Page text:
Super NES Retro Review: Super Mario Kart

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Join us as we review all the games on the SNES Classic Mini Edition in chronological order!

If I live to be one thousand years old, I'll never get over how Sega's marketing team managed to make Super Mario Kart look old, slow, and crusty next to the Genesis' "Blast Processed" library.

The advertisement linked above is probably the pinnacle of Sega's marketing achievements. Any commercial that makes Ecco the Dolphin appear more fun and exciting than Super Mario Kart deserves every single accolade available to '90s ad companies.

In retrospect, however, that ad marked the beginning of the end for the Genesis' untouchable coolness. The proof's in the Mode-7 pudding: Super Mario Kart sold like crazy, and went on to spawn a series that still whips the public into a frenzy of turtle shell-hurtling. Sega's smear campaign came to naught. Like Tetris, Super Mario Kart is a game that seemingly everyone has played, including your game-avoidant Grandma and Pop-Pop.

That's not a surprise. With its imaginative courses, easy-to-grasp mechanics, competitive racing, and unspeakably addictive Battle Mode, the original Super Mario Kart quickly became a staple of sleep-over parties across the world. It's a friendly game, it's a colorful game, and it's an accessible game – but it's also an old game. What's Super Mario Kart's role in this brave new world of multiple Mario Kart sequels (not to mention endless imitators)?

Grandpa was always in last place, but at least everyone had fun.

This may sound strange, but Super Mario Kart is the SNES Classic Edition's most perfect inclusion. It's not a perfect game, but no other title on the mini-console's roster does as thorough a job projecting the SNES Classic's mission statement: "SNES games are simple, but still wildly fun."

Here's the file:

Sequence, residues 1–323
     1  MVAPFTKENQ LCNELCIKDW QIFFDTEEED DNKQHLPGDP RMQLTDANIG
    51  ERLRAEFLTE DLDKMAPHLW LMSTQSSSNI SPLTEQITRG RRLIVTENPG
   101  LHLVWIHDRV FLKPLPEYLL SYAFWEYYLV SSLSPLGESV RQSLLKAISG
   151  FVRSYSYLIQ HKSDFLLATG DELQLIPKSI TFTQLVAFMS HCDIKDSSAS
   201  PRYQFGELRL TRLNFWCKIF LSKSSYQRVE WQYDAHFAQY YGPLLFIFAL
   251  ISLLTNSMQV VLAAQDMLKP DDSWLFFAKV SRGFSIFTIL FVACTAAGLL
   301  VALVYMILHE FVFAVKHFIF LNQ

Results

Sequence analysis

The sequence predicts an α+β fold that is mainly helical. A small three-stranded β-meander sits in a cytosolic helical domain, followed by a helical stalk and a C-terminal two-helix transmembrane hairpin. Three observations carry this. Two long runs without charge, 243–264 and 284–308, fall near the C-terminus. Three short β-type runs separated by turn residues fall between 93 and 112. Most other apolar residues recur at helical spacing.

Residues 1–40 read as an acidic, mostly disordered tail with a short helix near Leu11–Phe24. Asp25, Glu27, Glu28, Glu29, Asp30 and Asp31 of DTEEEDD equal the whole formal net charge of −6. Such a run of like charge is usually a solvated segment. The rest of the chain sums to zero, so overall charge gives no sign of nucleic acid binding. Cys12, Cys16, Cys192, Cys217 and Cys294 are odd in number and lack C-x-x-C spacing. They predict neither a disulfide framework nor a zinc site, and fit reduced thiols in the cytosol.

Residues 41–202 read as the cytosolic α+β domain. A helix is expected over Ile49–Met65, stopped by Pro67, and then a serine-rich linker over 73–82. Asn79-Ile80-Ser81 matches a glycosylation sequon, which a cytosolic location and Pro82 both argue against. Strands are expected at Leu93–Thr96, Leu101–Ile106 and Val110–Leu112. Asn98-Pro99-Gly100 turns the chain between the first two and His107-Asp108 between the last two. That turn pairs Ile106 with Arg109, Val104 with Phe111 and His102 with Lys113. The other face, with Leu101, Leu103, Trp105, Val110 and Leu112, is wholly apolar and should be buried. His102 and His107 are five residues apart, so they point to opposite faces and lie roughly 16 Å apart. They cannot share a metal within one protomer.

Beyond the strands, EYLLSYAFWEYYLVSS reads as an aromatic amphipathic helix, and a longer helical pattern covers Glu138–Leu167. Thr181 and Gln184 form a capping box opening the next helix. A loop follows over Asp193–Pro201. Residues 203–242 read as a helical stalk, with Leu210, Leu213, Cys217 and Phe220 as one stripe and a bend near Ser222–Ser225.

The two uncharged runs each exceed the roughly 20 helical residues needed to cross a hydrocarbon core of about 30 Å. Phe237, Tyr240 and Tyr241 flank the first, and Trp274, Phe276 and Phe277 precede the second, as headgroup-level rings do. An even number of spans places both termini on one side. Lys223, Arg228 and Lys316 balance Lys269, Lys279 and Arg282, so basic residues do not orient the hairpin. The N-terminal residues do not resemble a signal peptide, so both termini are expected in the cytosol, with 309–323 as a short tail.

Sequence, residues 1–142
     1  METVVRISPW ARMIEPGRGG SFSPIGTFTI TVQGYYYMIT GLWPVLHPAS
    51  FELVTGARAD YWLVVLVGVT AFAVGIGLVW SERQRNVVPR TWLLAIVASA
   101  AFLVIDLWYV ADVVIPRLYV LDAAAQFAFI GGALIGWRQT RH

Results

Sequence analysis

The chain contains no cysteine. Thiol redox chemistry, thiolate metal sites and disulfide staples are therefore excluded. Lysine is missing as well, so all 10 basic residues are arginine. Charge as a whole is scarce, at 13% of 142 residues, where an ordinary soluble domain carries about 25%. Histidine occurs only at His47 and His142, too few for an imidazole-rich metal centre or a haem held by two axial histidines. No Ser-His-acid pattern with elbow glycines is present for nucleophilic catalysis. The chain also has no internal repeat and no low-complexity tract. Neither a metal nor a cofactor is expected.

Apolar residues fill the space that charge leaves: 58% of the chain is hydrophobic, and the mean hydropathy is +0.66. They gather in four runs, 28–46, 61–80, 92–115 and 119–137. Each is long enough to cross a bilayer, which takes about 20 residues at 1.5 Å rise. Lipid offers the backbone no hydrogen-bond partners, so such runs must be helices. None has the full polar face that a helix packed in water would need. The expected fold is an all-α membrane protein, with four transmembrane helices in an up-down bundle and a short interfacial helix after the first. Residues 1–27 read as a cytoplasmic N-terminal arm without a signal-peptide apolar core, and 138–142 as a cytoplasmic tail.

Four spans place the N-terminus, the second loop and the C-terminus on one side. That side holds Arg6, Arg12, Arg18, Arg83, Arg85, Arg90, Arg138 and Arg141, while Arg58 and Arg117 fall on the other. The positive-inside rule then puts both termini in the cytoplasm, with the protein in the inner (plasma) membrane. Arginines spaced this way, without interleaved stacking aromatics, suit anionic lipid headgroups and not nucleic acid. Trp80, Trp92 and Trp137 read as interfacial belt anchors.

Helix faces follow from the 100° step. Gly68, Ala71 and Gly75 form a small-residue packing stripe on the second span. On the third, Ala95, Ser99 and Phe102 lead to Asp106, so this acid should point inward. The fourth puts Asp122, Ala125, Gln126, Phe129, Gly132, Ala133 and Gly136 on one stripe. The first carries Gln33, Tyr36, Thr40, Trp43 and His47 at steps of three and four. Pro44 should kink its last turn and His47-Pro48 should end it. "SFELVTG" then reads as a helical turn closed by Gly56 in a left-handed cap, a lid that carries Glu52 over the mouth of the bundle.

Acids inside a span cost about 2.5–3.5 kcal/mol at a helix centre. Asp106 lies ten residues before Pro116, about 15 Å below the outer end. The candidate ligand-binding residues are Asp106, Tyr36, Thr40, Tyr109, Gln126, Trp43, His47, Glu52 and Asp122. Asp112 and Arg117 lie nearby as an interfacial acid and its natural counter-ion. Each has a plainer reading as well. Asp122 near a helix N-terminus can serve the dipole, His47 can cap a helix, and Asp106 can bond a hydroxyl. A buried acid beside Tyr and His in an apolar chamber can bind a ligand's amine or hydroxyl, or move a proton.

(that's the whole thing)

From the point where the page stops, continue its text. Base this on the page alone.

As much as I love retro games and tend to retreat to them when I'm in need of a digital blankie, I try to avoid over-romanticizing them. The "good old days" of 16-bit gaming still had plenty of stinkers. Even classic games from the era are plagued by balancing issues, game-breaking bugs, and other gremlins that can't be fixed with a downloadable patch. There's a reason why Zophar's Domain has been a popular dispensary for ROM hacks, edits, and fixes for decades.

"Oh no, he's actually floating!" "Well of course he is. What a bellend."

That said, it's impossible to avoid being inundated with nostalgia and longing when you pick up the original Super Mario Kart. The series' latest release, Mario Kart 8 Deluxe for the Nintendo Switch, is incredible, but there's something undeniably good, simple, and pure about Mario's first time behind the wheel. There are no blue shells to wail over, no blue sparks to fret about, no anti-gravity track portions, no distracting background elements, no endless parade of items to keep straight in your head – and no rubber-banding that keeps AI-controlled drivers sniffing at your butt when you should logically be ahead of them by miles.